One of the biggest drawbacks of electronic missives and cyber sociology—and granted there are many—is that language when nuance, innuendo, and gesture is removed, becomes a mysterious form of communication.
Today I reached out to an old friend to ask if it was okay for me to refer to a period of time we had shared together in an article I was writing. When she responded, “I don’t care, do whatever you want,” I was having a tough time trying to decide if it was, “Do whatever you want, you self-important bastard,” or, “Do whatever you want, dear old friend.”
I mean, sure, everyone wants to jump right on the “you’re so paranoid!” bandwagon; but let’s be honest, there is a thin and imperceptible line between paranoid and clueless and frankly, neither outcome is sought after.
The other vexing thing about this wasteland we refer to as Facebook is that it is such a fertile arena for the worst and most subtle bullies to cultivate passive aggression. It is not at all uncommon for a person who would never dream of engaging in an adversarial confrontation with you in person to try and dress you down online.
There’s a funny skit that Louis C.K. did on the Conan O’Brien show where he brings up this exact point. Many people feel a whole lot more comfortable being awful to one another when they don’t have to deal with the uncomfortable visual of hurting someone’s feelings. These social media “frenemies” are toxic and, excuse me for going out on a limb here, but my suggestion is to drop them as soon as you identify them.
Now don’t get it twisted—everybody has an off day once in a while and there will always be a time when a close friend might make an offhand remark that hurts your feelings. These things are totally salvageable. But, when you notice a consistent pattern in which someone always has a little bit of shade at the ready to throw on any little successes you may have, it’s time to cut that off.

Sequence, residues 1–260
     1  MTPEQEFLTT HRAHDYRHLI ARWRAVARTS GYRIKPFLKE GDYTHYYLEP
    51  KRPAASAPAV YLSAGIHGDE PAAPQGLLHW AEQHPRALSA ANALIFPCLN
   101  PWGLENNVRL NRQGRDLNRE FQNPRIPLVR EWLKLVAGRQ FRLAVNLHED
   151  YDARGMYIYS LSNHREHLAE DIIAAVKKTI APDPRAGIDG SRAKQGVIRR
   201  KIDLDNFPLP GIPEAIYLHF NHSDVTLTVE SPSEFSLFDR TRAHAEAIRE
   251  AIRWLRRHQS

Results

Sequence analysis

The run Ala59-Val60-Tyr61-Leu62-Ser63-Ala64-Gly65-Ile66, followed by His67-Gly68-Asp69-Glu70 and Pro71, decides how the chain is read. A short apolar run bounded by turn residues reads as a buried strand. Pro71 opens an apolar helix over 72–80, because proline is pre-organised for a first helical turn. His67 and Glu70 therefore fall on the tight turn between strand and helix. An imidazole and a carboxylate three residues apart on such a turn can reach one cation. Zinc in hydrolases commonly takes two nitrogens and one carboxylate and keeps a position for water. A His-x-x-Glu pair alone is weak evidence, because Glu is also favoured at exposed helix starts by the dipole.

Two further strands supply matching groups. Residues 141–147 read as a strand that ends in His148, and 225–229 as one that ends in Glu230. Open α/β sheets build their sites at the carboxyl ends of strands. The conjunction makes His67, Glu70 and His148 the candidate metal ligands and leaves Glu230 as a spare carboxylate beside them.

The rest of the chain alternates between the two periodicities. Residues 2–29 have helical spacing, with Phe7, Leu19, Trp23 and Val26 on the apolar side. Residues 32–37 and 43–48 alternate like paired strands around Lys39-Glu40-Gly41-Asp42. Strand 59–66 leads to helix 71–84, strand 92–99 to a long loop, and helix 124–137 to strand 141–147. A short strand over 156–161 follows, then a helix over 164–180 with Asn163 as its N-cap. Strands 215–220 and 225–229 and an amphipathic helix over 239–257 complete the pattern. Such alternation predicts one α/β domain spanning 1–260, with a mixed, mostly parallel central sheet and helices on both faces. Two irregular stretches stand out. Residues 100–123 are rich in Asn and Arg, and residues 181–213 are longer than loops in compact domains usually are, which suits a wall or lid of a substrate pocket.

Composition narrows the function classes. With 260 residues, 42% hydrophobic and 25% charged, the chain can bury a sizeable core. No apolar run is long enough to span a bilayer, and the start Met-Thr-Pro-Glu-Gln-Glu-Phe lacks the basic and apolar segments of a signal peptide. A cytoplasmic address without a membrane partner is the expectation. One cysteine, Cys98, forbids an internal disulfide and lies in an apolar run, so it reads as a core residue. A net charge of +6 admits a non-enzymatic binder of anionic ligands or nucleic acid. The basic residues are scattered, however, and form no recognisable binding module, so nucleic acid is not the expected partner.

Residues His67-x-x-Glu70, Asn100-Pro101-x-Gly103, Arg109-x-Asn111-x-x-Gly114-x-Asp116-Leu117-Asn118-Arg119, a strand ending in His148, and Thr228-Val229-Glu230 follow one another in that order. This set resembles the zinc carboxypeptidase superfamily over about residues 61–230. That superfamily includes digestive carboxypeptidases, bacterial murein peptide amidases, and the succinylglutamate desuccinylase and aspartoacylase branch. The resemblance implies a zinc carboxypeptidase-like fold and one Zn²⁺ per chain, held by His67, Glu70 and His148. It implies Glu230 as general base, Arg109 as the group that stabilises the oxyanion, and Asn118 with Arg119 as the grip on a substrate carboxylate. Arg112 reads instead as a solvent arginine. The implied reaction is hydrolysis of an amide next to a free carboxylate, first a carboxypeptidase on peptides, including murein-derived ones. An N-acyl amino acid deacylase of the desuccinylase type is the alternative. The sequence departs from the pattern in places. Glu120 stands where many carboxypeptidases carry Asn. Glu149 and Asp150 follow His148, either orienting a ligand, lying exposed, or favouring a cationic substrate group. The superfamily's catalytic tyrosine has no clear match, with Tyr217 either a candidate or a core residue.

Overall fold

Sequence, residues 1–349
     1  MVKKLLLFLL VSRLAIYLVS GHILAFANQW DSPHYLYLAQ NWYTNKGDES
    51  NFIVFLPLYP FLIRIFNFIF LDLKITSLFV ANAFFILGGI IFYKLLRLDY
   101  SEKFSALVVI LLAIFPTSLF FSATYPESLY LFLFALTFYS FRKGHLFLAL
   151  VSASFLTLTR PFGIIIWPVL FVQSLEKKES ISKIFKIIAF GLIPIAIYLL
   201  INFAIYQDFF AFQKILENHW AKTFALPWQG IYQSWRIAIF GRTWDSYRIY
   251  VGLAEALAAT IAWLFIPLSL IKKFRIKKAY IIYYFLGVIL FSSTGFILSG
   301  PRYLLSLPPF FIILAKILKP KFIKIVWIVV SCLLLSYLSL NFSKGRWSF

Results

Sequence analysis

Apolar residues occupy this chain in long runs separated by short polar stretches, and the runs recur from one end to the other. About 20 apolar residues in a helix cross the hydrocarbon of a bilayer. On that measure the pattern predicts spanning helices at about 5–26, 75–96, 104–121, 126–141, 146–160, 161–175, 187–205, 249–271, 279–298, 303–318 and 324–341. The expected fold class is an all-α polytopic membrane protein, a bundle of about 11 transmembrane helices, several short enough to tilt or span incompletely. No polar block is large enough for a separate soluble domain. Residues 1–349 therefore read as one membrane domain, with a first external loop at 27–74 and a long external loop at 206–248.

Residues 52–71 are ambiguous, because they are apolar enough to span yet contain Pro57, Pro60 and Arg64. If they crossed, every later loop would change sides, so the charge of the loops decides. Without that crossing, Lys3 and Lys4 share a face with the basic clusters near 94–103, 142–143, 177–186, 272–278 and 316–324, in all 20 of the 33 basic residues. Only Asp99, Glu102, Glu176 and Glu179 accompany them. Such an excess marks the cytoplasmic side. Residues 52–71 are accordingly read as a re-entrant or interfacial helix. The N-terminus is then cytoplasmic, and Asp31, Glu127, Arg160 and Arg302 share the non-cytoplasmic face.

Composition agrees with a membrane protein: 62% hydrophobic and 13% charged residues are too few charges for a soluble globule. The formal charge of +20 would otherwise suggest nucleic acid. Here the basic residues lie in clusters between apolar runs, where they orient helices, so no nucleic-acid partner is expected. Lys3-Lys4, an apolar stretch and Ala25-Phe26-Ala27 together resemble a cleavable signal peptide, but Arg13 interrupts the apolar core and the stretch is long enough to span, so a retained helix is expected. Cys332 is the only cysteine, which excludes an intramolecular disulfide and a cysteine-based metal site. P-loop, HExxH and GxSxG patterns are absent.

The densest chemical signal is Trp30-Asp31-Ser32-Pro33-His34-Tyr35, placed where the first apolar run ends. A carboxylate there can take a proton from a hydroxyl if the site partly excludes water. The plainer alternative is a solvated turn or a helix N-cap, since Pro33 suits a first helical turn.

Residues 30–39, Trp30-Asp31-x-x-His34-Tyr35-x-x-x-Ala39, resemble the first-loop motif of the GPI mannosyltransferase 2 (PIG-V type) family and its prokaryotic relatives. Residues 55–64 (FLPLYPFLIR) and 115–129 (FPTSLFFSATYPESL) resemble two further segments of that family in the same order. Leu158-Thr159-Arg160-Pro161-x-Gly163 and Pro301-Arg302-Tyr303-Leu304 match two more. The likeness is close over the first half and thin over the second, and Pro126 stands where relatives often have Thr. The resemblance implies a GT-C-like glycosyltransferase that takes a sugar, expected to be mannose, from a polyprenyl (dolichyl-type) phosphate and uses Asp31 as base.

Goethe, the 18th century poet and statesman—and most likely one of the first motivational writers—once famously said, “Tell me with whom you consort with, and I will tell you who you are.”
Tony Robbins paraphrased this to, “Want to see your future? Look at your friends.” Either way, the point is still clear. If you are trying to accomplish anything in this life you need to cull the herd. You must prune away all toxicity.
And, even if you are not trying to accomplish anything—even if you are just trying to possess a more mindful existence—there is just no room for this kind of relationship.
Life is a precious gift we are inexplicably blessed with and having it frittered away by negative people is tantamount to driving your new convertible in the rain with the top down. You are just not respecting that gift.
Some may argue that a person cannot get through life without a little unpleasantness and that it is unrealistic to believe that it’s possible to only expect positivity. I don’t argue this point. Negativity is a necessary evil of existing on this planet. However, we have a lot more control over how much of it we will accept than most people realize. In other words, a little bit will inevitably sneak in through the cracks, but no one says we need to leave the storm door open.
What is also helpful about eradicating this sort of influence from your life is that when you focus on and encourage good, happy, and healthy friends, you tend to proliferate more of the same. Try to imagine a life in which you log on to Facebook and all you see on your timeline are helpful posts, positive thoughts, creative poetry, and good news.
This may be a revolutionary thought, but, suffering is an option that no one requires you to choose.
One of my favorite quotes by the late Dr. Wayne Dyer sums this up so perfectly: “You can’t get sick enough to make one person healthy. You can’t get sad enough to make another person happy. You can’t get poor enough to help one person on the planet to get rich. You can’t get hungry enough to feed one starving child.”
So practice a little self-care this week. Lose the frenemies.
Author: Billy Manas
Image: Francisco Osorio/Flickr
Editor: Lieselle Davidson
Copy Editor: Leah Sugerman
Social Editor: Sara Karpanen